The Iron Wall: Israel and the Arab World

  title={The Iron Wall: Israel and the Arab World},
  author={Avi Shlaim},
  • Avi Shlaim
  • Published 1 December 1999
  • Political Science
Avi Shlaim's The Iron Wall: Israel and the Arab World is the outstanding book on Israeli foreign policy, now thoroughly updated with a new preface and chapters on Israel's most recent leaders. In the 1920s, hard-line Zionists developed the doctrine of the 'Iron Wall': negotiations with the Arabs must always be from a position of military strength, and only when sufficiently strong Israel would be able to make peace with her Arab neighbours. This doctrine, argues Avi Shlaim, became central to… 

Historical Schools and Political Science: An Arab-Israeli History of the Arab-Israeli Conflict

  • J. Pressman
  • Political Science
    Perspectives on Politics
  • 2005
In “Writing the Arab-Israeli Conflict” (Perspectives on Politics 3:1), Jonathan B. Isacoff does a great service by bringing together the study of the Arab-Israeli conflict and the study of


  • Avi Shlaim
  • Political Science
    International Journal of Middle East Studies
  • 2004
The two main issues in Israel's foreign policy are relations with the Arab world and relations with the Great Powers, and there is extensive literature on both. But whereas the literature on

The Merchant of Venice, the Arab-Israeli conflict, and the perils of Shakespearean appropriation

Inundated daily with horrifying images and vitriolic rhetoric, few readers would fail to recognize the magnitude of the Arab-Israeli conflict, its impact on regional and global politics, and the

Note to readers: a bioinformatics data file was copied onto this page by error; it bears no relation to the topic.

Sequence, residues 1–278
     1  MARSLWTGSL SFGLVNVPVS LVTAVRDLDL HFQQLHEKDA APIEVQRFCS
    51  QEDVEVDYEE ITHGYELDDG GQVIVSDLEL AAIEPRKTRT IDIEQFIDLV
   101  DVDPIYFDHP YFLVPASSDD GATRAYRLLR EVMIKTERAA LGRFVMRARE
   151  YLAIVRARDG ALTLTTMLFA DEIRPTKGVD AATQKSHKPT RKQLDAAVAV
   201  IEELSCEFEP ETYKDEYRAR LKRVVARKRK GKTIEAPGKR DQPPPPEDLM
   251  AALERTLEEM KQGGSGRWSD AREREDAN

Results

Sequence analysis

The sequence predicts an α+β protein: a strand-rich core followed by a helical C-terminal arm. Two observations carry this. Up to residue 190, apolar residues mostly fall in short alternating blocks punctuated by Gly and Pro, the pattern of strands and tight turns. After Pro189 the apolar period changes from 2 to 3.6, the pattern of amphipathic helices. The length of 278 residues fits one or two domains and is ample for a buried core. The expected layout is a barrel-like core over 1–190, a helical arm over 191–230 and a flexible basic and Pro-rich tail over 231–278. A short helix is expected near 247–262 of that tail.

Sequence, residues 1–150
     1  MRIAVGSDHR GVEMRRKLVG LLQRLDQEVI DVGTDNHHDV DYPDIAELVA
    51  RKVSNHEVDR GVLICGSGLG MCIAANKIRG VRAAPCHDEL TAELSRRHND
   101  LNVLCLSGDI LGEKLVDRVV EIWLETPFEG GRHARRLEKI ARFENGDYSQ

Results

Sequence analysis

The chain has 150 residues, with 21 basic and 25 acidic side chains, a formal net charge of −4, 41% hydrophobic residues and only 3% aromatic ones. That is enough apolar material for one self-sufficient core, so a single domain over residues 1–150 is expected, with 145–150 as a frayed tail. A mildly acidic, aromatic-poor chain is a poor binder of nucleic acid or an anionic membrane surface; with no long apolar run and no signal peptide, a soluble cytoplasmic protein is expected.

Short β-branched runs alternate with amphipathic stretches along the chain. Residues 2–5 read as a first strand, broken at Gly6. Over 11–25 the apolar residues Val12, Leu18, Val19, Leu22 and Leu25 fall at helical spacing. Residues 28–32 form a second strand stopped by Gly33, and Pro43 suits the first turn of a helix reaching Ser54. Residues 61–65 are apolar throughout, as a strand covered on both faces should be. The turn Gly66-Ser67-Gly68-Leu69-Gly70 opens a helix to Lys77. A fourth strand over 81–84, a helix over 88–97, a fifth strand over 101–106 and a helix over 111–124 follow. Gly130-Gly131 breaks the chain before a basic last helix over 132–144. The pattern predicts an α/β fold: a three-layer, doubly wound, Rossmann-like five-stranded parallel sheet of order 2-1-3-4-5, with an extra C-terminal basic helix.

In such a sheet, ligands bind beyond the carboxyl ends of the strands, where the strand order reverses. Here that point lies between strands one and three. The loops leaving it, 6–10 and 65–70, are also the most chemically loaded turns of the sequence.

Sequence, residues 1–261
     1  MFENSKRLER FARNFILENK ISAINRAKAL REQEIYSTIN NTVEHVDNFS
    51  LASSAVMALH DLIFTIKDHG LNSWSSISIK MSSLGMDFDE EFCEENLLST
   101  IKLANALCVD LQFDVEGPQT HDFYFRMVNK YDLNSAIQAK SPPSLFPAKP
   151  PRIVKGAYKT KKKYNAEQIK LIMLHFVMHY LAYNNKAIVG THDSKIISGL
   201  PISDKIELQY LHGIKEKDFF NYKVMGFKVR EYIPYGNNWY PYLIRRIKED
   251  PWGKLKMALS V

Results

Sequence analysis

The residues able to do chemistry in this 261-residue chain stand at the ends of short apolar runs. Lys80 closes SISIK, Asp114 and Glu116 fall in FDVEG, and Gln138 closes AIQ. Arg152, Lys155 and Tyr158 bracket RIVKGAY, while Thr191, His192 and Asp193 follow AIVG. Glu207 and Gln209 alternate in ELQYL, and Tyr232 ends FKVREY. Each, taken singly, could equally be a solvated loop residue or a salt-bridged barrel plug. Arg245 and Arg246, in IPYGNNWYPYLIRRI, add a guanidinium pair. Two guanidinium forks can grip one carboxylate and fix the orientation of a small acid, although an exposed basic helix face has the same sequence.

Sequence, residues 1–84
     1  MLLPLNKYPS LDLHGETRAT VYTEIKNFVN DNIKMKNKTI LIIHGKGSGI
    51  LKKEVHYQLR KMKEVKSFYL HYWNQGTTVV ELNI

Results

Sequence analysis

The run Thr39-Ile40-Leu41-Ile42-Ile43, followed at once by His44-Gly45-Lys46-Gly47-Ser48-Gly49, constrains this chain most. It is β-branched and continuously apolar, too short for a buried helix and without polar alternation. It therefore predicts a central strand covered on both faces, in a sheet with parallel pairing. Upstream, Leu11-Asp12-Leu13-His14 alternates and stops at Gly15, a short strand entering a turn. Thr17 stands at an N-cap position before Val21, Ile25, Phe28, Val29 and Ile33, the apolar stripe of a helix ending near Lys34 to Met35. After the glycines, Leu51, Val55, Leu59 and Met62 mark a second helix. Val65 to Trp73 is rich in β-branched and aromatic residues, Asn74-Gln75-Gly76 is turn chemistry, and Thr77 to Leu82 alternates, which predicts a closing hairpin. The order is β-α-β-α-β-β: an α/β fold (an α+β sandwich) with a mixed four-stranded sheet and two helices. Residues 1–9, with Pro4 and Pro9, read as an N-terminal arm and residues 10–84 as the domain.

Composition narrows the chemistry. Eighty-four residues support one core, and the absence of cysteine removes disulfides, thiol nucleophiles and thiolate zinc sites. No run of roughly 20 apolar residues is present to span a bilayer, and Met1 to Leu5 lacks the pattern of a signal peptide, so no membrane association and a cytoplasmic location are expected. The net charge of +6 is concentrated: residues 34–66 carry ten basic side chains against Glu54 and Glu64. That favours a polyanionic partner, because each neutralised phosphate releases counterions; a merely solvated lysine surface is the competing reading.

Israel's Nuclear Option Revisited

Israel began developing its nuclear option in the early 1950s because of its fear of the Arab world's hostile intentions. The country's first prime minister, David Ben-Gurion, believed that the Arab

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What implications do the uprisings in the Middle East in 2010–2011 hold for Israel’s foreign relations with the two most strategically prominent states in the region, Egypt and Turkey? The Arab

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Ethnic conflicts often involve a delegitimation of the rival ethnic community and its national aspirations. This, I suggest, can impel the community in question to legitimate its politics through

"Watching and Waiting" and "Much Ado about Nothing"? Making Sense of the Israeli Response to the Arab Uprisings

  • M. Beck
  • Political Science, Sociology
  • 2016
This article covers Israel’s response to the Arab uprisings. The analysis deals with the issue of both material and immaterial political actions of the Israeli political leadership. A theoretical

Memory and Violence in Israel/Palestine

Israeli and Palestinian Narratives of Conflict: History's Double Helix, edited by Robert I. Rotberg. Indiana University Press, 2006. Memory and Violence in the Middle East and North Africa, edited by

The International Diplomacy of Israel's Founders: Deception at the United Nations in the Quest for Palestine

During the early to mid-twentieth century, the Zionist Organization secured a series of political victories on the international stage leading to the foundation of a Jewish state and to its ability